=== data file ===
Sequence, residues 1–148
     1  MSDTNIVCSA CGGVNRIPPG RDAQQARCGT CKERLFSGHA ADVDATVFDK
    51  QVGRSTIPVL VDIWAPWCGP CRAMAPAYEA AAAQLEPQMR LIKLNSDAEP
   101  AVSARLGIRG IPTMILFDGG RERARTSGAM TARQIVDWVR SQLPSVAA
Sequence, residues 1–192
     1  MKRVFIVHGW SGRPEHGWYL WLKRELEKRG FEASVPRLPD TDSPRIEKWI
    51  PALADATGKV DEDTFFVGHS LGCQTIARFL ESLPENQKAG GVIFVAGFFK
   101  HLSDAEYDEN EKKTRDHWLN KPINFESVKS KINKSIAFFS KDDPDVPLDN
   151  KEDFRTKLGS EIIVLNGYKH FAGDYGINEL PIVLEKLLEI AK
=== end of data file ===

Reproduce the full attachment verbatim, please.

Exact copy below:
Sequence, residues 1–148
     1  MSDTNIVCSA CGGVNRIPPG RDAQQARCGT CKERLFSGHA ADVDATVFDK
    51  QVGRSTIPVL VDIWAPWCGP CRAMAPAYEA AAAQLEPQMR LIKLNSDAEP
   101  AVSARLGIRG IPTMILFDGG RERARTSGAM TARQIVDWVR SQLPSVAA
Sequence, residues 1–192
     1  MKRVFIVHGW SGRPEHGWYL WLKRELEKRG FEASVPRLPD TDSPRIEKWI
    51  PALADATGKV DEDTFFVGHS LGCQTIARFL ESLPENQKAG GVIFVAGFFK
   101  HLSDAEYDEN EKKTRDHWLN KPINFESVKS KINKSIAFFS KDDPDVPLDN
   151  KEDFRTKLGS EIIVLNGYKH FAGDYGINEL PIVLEKLLEI AK